Barack Obama Announces Innovation Agenda at Google

At a Googler-only event today in Mountain View, California, Presidential candidate Barack Obama formally announced his "Innovation Agenda." Prior to the event, some insight into Obama's platform could be found on his official campaign site:

Technology and Innovation for a New Generation

"Let us be the generation that reshapes our economy to compete in the digital age. Let's set high standards for our schools and give them the resources they need to succeed. Let's recruit a new army of teachers, and give them better pay and more support in exchange for more accountability. Let's make college more affordable, and let's invest in scientific research, and let's lay down broadband lines through the heart of inner cities and rural towns all across America."

The message delivered by Obama today largely resonated with this statement, adding that America needs to "recommit itself to science and technology" in order to ensure that we can compete in the future. In his opinion, this would include:

* Maintaining an open internet through a full commitment to network neutrality
* Building infrastructure, providing every American broadband access
* Making government data accessible online to all citizens
* Empowering citizens with technology, allowing them to provide active input into decisions and legislation
* Committing ourselves to electronic medical records to reduce wasted healthcare expense
* Investing in technology for clean energy sources
* Making the R&D tax credit permanent
* Encouraging start-ups by enforcing intellectual property law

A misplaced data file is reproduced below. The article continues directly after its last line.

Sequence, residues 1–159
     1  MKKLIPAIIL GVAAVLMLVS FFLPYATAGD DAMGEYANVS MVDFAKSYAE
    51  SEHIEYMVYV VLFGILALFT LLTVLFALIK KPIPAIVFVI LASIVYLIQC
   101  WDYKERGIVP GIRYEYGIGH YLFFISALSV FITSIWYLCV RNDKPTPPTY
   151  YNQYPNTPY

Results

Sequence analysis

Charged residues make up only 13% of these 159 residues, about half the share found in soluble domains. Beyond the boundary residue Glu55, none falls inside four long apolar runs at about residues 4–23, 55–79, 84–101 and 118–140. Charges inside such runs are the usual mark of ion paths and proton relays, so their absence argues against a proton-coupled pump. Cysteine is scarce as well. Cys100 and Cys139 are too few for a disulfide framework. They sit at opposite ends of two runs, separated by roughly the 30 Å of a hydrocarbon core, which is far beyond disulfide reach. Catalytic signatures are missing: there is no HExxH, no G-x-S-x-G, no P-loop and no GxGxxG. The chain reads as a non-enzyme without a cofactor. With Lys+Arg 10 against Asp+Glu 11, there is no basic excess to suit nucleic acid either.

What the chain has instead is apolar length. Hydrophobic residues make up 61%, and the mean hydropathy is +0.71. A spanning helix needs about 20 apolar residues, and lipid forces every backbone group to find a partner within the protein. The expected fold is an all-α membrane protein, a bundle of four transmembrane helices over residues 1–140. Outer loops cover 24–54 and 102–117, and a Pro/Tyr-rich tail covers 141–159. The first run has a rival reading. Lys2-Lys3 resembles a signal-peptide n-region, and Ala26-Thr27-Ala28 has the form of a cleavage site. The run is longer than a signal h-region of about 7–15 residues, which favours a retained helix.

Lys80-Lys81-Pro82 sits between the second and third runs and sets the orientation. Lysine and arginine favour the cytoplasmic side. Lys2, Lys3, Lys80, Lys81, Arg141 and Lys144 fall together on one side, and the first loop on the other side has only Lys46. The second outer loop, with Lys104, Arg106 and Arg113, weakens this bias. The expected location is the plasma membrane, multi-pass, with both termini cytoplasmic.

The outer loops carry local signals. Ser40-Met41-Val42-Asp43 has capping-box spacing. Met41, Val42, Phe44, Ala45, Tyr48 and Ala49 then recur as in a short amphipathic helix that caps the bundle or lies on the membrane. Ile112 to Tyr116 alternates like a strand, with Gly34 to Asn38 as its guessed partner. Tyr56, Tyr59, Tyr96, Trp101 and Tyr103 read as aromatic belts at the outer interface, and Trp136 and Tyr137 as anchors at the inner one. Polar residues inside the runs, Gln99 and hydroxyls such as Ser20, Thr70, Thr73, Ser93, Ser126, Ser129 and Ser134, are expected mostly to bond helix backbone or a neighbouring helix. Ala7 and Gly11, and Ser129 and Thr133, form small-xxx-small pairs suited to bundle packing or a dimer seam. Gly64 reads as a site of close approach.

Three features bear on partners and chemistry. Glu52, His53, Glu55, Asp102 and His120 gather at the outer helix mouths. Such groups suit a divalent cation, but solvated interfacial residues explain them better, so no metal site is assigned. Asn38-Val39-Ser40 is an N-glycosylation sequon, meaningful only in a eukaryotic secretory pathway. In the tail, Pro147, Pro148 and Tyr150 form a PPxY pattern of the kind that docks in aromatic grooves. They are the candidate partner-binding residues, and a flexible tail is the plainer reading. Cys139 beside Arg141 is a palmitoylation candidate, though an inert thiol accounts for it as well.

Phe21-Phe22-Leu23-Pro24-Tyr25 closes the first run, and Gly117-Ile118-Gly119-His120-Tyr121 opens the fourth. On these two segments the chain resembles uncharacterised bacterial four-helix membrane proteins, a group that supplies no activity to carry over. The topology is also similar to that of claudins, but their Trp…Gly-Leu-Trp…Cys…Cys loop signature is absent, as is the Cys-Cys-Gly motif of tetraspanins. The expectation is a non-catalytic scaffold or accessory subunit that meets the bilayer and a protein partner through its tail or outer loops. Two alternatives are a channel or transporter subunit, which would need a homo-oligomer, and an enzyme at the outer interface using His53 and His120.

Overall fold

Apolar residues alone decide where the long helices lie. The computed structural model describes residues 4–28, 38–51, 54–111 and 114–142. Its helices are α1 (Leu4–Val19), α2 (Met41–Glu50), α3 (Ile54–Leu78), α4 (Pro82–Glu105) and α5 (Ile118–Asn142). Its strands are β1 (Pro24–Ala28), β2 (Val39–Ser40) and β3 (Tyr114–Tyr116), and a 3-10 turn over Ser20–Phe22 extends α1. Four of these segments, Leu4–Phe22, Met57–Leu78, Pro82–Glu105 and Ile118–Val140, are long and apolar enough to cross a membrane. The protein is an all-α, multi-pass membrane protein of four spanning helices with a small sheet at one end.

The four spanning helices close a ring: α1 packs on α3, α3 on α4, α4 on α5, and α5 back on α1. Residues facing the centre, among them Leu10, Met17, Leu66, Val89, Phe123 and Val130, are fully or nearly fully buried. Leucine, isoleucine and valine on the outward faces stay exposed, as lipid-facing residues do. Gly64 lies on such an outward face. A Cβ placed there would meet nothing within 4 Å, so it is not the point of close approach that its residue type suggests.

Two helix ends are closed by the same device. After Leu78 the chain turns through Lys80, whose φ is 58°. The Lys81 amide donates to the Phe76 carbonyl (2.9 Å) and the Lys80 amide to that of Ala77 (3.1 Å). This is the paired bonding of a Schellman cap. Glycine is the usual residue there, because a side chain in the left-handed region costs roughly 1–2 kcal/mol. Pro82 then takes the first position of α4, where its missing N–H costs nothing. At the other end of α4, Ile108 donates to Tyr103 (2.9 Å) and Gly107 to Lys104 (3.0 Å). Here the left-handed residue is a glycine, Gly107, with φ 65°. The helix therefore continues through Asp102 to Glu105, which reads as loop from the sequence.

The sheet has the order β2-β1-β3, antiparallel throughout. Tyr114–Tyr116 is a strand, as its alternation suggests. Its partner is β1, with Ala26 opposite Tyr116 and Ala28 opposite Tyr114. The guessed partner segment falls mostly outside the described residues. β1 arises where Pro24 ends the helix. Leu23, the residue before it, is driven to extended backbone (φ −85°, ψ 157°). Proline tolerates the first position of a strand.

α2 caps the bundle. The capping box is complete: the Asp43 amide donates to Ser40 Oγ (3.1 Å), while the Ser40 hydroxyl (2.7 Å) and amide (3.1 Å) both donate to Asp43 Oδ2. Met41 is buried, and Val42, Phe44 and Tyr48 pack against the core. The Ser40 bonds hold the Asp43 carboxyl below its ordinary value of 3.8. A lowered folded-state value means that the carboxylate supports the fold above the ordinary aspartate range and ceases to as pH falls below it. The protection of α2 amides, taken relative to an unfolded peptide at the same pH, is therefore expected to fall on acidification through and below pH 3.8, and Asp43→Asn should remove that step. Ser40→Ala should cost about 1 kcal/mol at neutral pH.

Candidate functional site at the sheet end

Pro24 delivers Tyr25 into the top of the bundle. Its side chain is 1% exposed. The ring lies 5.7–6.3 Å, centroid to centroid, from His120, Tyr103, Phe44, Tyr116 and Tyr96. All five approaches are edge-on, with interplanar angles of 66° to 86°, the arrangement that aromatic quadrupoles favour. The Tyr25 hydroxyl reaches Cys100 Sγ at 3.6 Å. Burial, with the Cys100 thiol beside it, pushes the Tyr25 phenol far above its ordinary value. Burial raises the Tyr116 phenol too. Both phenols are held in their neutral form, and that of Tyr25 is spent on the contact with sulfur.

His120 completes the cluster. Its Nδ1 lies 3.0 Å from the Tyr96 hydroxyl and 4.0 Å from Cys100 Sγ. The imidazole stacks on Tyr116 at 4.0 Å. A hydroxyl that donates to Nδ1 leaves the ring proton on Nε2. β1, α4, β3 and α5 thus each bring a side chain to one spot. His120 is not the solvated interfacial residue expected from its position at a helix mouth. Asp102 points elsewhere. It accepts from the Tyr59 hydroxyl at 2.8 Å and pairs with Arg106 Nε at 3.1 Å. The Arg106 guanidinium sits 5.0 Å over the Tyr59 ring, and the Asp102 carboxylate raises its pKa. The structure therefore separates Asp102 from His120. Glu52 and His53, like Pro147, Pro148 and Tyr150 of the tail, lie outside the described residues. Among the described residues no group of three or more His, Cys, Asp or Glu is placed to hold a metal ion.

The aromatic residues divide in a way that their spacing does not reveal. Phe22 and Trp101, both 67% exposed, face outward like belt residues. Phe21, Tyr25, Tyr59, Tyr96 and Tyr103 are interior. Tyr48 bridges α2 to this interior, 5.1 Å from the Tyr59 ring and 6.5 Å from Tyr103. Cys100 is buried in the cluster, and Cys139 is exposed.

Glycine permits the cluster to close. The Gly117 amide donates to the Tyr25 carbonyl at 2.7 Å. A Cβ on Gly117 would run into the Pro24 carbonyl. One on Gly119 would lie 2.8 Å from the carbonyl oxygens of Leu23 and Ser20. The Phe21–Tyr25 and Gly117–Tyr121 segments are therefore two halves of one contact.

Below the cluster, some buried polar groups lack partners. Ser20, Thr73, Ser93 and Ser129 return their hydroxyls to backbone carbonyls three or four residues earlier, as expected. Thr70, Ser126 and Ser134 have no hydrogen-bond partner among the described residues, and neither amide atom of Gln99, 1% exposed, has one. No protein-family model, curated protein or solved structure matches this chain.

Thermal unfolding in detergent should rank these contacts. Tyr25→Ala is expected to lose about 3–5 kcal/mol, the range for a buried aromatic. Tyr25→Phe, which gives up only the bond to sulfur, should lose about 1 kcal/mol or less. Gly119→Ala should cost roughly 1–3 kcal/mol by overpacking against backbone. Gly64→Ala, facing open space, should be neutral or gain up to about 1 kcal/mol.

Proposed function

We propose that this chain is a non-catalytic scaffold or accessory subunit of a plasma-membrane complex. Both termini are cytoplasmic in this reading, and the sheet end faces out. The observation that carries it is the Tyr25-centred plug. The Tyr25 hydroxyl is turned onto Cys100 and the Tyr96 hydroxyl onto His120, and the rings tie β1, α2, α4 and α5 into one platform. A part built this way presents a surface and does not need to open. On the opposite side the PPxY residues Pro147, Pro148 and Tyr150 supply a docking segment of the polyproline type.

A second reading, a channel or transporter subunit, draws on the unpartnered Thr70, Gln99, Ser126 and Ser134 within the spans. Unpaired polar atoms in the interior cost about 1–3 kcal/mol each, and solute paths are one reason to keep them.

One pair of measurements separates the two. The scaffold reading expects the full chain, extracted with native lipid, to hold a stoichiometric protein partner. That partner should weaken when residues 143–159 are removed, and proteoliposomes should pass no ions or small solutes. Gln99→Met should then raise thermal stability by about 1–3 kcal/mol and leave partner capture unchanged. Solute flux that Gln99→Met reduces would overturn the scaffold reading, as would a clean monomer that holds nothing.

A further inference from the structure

* Enacting comprehensive immigration reform, including stronger H1-B visas to keep talented foreigners working in the U.S.

The message that education is at the heart of the problem resonated with me, as I find the state of math and sciences education, particularly in primary schools, appalling. Thus far, America has been able to keep pace in technology by attracting top talent from other nations through our strong university system. While this will remain a competitive advantage for us in the near-term, I have serious concerns about how long we can ride this strategy. As other nations develop more vibrant tech communities (as India, China, Israel, Ireland, Brazil and others are doing at an alarming rate), the incentives for foreign nationals to remain home will grow, meaning less talent drain in favor of the US.

That said, I have serious questions about the validity of Obama's (or any candidate's) claim that he will hold teachers accountable for performance, due to both technical hurdles and political will. The technical hurdles include technological barriers driven by underinvestment in schools' IT systems, as well as the difficulty of identifying effective, appropriate performance metrics. Politically, many leaders in the education community fail to realize that being held accountable is in everyone's interest, including teachers. I'd love to hear how Obama will overcome these specific challenges through future campaign messages.

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